It's rather amusing going from one series that takes no risks ("Last Man Standing") to writing about a series whose core idea is a risk to the point where the series still never would have made it to network television. With cable taking more risks, the series made its debut on FX (then moved to FXX - I'm curious what FXXX may offer if another channel ever made a debut...)
Based on the Australian series of the same name, "Wilfred" feels a little like if "Family Guy" (the show was adapted for the US by "Family Guy" writer David Zuckerman) re-imagined by Tim Burton - Stewie and Brian all grown up. The series stars Elijah Wood as Ryan, a mild-mannered guy living in the suburbs who has grown depressed about his life, believing that he's gotten nowhere. In the middle of trying to attempt suicide, he's asked to watch his beautiful neighbor Jenna (Fiona Gubelmann)'s dog, Wilfred.
The only problem with that is that Wilfred is not actually a dog (well, in the traditional sense), but a guy dressed up as a dog in a dog suit that looks to be older and more worn than he is. Wilfred is played by Jason Gann, who played the character in the original series.
Described as "part Labrador Retriever and part Russell Crowe on a bender" by Zuckerman, Gann does a great job as Ryan's polar opposite, a stoner pooch who delights in bad behavior but manages to - almost if by accident at times - make Ryan realize some things about his life. The series is really about a troubled guy trying to find himself, only his guide on the journey happens to be a large talking dog who likes to get wasted and occasionally delights in playing mind games.
The series does walk the line between being bitter and sharply funny and does so pretty well. It's a series that can move between Ryan's sometimes sad exploration of his own sanity and self and Wilfred explaining why he's just humped yet another inanimate object or scratching something into Ryan's door.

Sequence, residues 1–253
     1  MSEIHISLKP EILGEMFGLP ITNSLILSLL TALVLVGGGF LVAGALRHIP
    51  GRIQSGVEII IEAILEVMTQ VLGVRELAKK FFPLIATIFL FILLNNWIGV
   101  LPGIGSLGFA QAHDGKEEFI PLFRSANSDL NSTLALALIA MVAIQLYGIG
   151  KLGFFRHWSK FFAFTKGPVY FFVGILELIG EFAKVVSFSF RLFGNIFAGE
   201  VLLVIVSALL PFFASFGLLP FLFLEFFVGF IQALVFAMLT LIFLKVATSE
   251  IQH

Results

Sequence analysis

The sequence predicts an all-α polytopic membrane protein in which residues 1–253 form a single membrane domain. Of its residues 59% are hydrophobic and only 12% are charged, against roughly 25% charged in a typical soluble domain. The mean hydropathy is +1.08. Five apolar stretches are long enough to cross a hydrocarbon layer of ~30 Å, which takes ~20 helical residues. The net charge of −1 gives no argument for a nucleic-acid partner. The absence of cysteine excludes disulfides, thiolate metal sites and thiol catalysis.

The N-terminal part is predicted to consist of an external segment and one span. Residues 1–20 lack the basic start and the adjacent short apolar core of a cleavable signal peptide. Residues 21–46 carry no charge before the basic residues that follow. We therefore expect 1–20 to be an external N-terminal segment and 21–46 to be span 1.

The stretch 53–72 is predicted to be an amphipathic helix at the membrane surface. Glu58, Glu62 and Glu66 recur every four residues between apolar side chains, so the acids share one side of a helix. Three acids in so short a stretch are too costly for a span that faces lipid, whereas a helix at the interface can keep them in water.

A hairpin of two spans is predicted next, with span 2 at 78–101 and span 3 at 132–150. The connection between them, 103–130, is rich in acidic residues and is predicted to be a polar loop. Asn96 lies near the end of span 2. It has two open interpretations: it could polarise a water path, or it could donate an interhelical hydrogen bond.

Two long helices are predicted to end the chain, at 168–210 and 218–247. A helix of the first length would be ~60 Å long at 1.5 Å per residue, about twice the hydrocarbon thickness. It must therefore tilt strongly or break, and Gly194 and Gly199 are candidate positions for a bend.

Still, the question that hangs over the series remains: is Wilfred real, or just a figment of Ryan's imagination? The series does a really nice job pushing out little hints as to what Wilfred really is, but starts to become a little more aggressive in its pursuit of the answers in the third season, including a childhood drawing that may provide some answers. Some of the highlights of this season include the opener, "Uncertainty" (Ryan sets off to find Wilfred's original owner), "Sincerity" (to try to impress a girl, Ryan takes Wilfred to a class to try the impossible task of teaching Wilfred manners), "Stagnation" (Wilfred finds love in an unexpected place) and the finale, "Regrets", where Jenna forbids Ryan from seeing Wilfred.
Wilfred doesn't always work, but it throws enough at the wall that sticks and takes some enjoyable risks (again, not that long ago I can't imagine this would have wound up on TV in this country, much less ran for four seasons.) It's not always perfect, but it's memorable, it sticks. It's funny, it's moving, it's occasionally flawed in the most enjoyable ways. I can only hope that cable continues to take these sorts of risks.
27 20/Jun/13 Uncertainty
28 20/Jun/13 Comfort
29 27/Jun/13 Suspicion
30 27/Jun/13 Sincerity
31 11/Jul/13 Shame
32 18/Jul/13 Delusion
33 25/Jul/13 Intuition
34 01/Aug/13 Perspective
35 08/Aug/13 Confrontation
36 15/Aug/13 Distance
37 22/Aug/13 Stagnation
38 29/Aug/13 Heroism
39 05/Sep/13 Regrets
Video: "Wilfred" is presented in 1.78:1 anamorphic widescreen. The show is actually filmed with DSLRs - it's the first series to do so and the result is a clean, crisp appearance that translates well on this DVD presentation. Sharpness and detail are very pleasing and the picture remained free of artifacting and other concerns. Colors remained - as intended - on the cooler side. No smearing or other flaws are seen.
Audio: Basic, dialogue-driven 2.0 audio.
Extras: Zip, zero. This is the kind of series that deserves a commentary or two, but we don't get anything here. Not even the usual promotional interviews.
Final Thoughts: "Wilfred" is a cult series that delights, balancing some heartfelt moments and exploration with dark, occasionally twisted laughs. The performances from Wood and Gaan remain terrific and the series has done a pretty remarkable job keeping the core concept involving. The DVD set provides solid audio/video, but nothing in terms of extras. Highly recommended.